Reasonable to deny employee’s flexibility request
One of the clear challenges employers increasingly face following the pandemic is a demand from employees for more flexible arrangements, including the ability to work from home, setting their own working hours or limiting their availability.
A recent NSW case considered this issue involving a dispute between a registered nurse engaged on a permanent part-time basis, who sought to be rostered only on shifts across Friday, Saturday, Sunday and Monday, and her employer. She had enjoyed this arrangement for many years prior to a change in the rostering process in October 2020.
However, the employer’s preference was that she be available to be rostered across seven days per week, the same as all other permanent staff. They did allow her some flexibility in selecting start and finish times to assist with her non-work commitments.
Prior to October 2020, each member of the team pencilled in their own shift rosters as to when they would be available, but this process was ceased to enable greater management control of the roster and better service to their external clients.
The employee’s request was based on her desire to care for her 14-year-old asthmatic son and assist in his schooling and extracurricular activities. She claimed that she had no other family support to assist her other than her husband.
Her employer claimed they were unable to accommodate her desired limitations on working days for several reasons, including rostering fairness, skill mix on shifts throughout the week, existing staff vacancies, difficulties with filling the roster on some of the days the employee does not wish to work, skill retention for the employee, and clinical supervision of the employee.
In the hearing before Commissioner Chris Muir, the employee’s representatives submitted that neither the employee’s letter of offer nor the prevailing award mandated that the employee had to be available for work seven days per week.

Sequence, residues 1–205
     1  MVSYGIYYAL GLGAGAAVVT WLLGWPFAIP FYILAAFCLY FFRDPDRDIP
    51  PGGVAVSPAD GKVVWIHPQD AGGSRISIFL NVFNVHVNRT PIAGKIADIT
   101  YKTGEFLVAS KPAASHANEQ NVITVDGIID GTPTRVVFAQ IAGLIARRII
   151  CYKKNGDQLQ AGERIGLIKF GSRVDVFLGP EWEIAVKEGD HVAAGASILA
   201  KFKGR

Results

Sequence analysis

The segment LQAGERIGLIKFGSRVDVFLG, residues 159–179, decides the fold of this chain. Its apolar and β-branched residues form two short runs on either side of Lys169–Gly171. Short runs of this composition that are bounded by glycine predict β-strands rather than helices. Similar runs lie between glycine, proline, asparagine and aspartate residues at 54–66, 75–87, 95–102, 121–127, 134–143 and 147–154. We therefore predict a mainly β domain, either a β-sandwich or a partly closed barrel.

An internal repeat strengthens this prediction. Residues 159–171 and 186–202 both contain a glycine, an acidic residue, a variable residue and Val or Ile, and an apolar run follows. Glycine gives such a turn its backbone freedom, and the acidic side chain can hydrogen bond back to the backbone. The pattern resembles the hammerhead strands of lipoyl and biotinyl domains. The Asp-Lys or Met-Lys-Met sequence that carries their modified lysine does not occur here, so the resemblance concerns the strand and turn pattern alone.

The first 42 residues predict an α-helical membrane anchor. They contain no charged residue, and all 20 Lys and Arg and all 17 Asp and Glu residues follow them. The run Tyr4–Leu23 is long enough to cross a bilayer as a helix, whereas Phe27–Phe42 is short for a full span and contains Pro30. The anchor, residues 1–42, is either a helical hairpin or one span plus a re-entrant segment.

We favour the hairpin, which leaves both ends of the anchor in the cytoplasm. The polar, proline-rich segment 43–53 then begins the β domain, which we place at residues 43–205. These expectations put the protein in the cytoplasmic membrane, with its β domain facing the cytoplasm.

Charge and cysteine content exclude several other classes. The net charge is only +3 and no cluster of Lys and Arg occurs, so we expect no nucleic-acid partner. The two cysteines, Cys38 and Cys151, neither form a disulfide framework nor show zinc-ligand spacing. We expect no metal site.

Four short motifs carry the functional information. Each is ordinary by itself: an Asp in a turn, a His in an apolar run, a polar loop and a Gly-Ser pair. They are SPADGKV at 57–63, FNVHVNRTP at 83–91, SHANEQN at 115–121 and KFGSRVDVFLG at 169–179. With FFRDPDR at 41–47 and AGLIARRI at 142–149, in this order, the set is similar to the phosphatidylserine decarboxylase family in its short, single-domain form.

Nevertheless, Commissioner Muir found that the employer’s rejection of the proposed rostering arrangements was fair and reasonable. He noted that the majority of the employee’s team also had family responsibilities that they could manage across a rotating roster.
As he noted, “I accept the respondent’s submissions that granting the rostering arrangements sought by the applicant would result in the respondent building it’s rostering around a single employee”.
The dispute was settled with the existing arrangements being maintained.
For questions about flexible working arrangements, or other employment questions, please contact Dean Cameron at Workforce Advisory Lawyers – We Know Employment Law on 0417 622 178, 1300 WAL LAW or via email to firstname.lastname@example.org
Disclaimer: This information is provided as general advice on workplace relations and employment law. It does not constitute legal advice, and it is always advisable to seek further information regarding specific workplace issues. Liability limited by a scheme approved under professional standards legislation.